Web Accessibilty: Color Contrast is important for users with Color Blindness and Low Color Vision Acuity.

Please have your web design and development staff reassess and modify your current font colors to have a higher color contrast to the backgrounds they exist on.

For users who have low color acuity, are advanced in age, or have a form of color blindness, they can have difficulty or sometimes not even see text on backgrounds with a low color contrast between the two.

I work for a company that's a contractor for the Government.  Because of this relationship and our desire to have an accessible web for everyone, we strive for excellence in this area of our designs.

We're a team of 10 designers that are responsible for and take very seriously and we're able to make it happen!  No matter your team size, it's possible!

Please, do something about this on Mint.com.  I'm 27 years old, have solid vision, but red-green color blindness and find it nearly impossible to use your website.

have to use your mobile app, because I can't use your primary site anymore.

I know Intuit also owns and develops TurboTax.  You're PHENOMENAL user experience folks.  Please take an extra step and go accessible!  Anyone who works with the government (contractually) has to abide by these sorts of standards (http://www.section508.gov/).  Consider this as opportunity to increase the breadth of your business opportunities.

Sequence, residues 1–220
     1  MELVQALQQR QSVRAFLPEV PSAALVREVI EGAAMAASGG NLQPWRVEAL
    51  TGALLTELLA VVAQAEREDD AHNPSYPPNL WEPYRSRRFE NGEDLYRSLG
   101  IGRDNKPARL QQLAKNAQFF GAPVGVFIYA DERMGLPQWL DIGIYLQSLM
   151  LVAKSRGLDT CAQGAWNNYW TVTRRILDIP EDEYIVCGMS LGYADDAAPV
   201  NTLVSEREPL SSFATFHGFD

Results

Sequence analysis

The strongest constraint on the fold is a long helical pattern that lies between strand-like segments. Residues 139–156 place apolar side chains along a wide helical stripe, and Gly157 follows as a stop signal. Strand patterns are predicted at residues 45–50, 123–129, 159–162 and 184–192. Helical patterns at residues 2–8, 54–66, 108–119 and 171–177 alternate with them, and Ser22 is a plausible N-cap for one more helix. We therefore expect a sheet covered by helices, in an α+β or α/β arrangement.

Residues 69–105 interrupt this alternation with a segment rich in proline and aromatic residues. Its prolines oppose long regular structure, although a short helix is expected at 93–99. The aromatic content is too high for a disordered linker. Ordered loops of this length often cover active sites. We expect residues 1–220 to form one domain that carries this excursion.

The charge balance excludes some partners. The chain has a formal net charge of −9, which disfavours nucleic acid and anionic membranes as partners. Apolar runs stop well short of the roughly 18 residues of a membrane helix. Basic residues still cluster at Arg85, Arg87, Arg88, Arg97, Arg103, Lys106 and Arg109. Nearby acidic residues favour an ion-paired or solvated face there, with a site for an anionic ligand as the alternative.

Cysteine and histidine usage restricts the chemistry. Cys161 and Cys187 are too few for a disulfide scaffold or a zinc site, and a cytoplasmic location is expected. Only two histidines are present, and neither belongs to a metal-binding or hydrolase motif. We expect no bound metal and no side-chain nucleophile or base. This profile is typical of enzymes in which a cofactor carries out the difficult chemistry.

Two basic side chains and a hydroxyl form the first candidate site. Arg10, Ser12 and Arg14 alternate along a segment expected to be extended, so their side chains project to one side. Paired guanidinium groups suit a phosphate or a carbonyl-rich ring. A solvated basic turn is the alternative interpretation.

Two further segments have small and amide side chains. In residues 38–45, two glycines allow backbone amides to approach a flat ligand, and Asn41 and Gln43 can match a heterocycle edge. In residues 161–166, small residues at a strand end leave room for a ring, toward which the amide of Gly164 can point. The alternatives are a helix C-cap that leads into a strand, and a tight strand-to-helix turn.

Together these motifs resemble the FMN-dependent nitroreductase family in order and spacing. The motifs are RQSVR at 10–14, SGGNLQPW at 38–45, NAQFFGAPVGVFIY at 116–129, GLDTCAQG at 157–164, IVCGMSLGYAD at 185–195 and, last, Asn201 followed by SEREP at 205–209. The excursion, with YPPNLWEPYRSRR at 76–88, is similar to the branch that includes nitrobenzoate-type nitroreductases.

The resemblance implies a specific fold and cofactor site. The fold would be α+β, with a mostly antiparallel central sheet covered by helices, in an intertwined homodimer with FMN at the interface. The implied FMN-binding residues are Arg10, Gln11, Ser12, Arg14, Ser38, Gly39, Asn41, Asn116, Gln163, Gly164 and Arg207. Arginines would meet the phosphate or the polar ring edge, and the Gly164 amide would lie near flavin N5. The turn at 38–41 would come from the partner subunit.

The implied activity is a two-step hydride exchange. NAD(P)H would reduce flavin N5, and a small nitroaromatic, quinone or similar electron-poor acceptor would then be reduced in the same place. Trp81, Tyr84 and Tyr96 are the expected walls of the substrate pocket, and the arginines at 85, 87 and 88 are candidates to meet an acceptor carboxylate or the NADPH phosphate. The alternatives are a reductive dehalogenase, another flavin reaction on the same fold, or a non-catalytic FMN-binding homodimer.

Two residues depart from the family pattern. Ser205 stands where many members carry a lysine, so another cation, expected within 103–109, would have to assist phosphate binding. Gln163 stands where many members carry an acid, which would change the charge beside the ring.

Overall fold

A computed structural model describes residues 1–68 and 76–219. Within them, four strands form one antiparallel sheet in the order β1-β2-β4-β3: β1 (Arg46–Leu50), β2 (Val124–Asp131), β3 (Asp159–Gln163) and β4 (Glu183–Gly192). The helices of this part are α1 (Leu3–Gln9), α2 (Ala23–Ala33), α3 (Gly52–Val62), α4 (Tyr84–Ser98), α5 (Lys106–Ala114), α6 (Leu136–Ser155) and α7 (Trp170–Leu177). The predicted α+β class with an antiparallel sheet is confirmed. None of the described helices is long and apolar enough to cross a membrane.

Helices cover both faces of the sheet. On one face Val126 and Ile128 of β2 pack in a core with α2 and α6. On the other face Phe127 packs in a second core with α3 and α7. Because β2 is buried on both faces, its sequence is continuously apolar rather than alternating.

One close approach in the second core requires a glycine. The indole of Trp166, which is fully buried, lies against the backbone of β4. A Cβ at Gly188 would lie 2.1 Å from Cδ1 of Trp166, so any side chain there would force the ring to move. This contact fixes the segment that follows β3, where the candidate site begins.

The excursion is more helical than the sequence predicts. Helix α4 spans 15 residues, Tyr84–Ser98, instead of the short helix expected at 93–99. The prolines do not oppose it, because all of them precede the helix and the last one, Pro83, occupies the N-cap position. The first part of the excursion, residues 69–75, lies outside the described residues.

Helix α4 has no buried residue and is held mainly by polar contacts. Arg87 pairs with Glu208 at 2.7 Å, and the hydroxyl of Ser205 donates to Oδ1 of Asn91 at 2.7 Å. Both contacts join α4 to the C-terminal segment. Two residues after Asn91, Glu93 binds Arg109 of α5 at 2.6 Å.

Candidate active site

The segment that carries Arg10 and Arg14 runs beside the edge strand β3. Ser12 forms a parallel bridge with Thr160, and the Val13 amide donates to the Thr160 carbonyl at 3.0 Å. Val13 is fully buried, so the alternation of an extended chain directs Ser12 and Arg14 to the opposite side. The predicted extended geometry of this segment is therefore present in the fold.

P.S. Your tags below (you should have one for accessibility) :)

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People come to Mint for help and answers—we want to let them know that we're here to listen and share our knowledge. We do that with the style and format of our responses. Here are five guidelines:

  1. Keep it conversational. When answering questions, write like you speak. Imagine you're explaining something to a trusted friend, using simple, everyday language. Avoid jargon and technical terms when possible. When no other word will do, explain technical terms in plain English.
  2. Be clear and state the answer right up front. Ask yourself what specific information the person really needs and then provide it. Stick to the topic and avoid unnecessary details. Break information down into a numbered or bulleted list and highlight the most important details in bold.
  3. Be concise. Aim for no more than two short sentences in a paragraph, and try to keep paragraphs to two lines. A wall of text can look intimidating and many won't read it, so break it up. It's okay to link to other resources for more details, but avoid giving answers that contain little more than a link.
  4. Be a good listener. When people post very general questions, take a second to try to understand what they're really looking for. Then, provide a response that guides them to the best possible outcome.
  5. Be encouraging and positive. Look for ways to eliminate uncertainty by anticipating people's concerns. Make it apparent that we really like helping them achieve positive outcomes.

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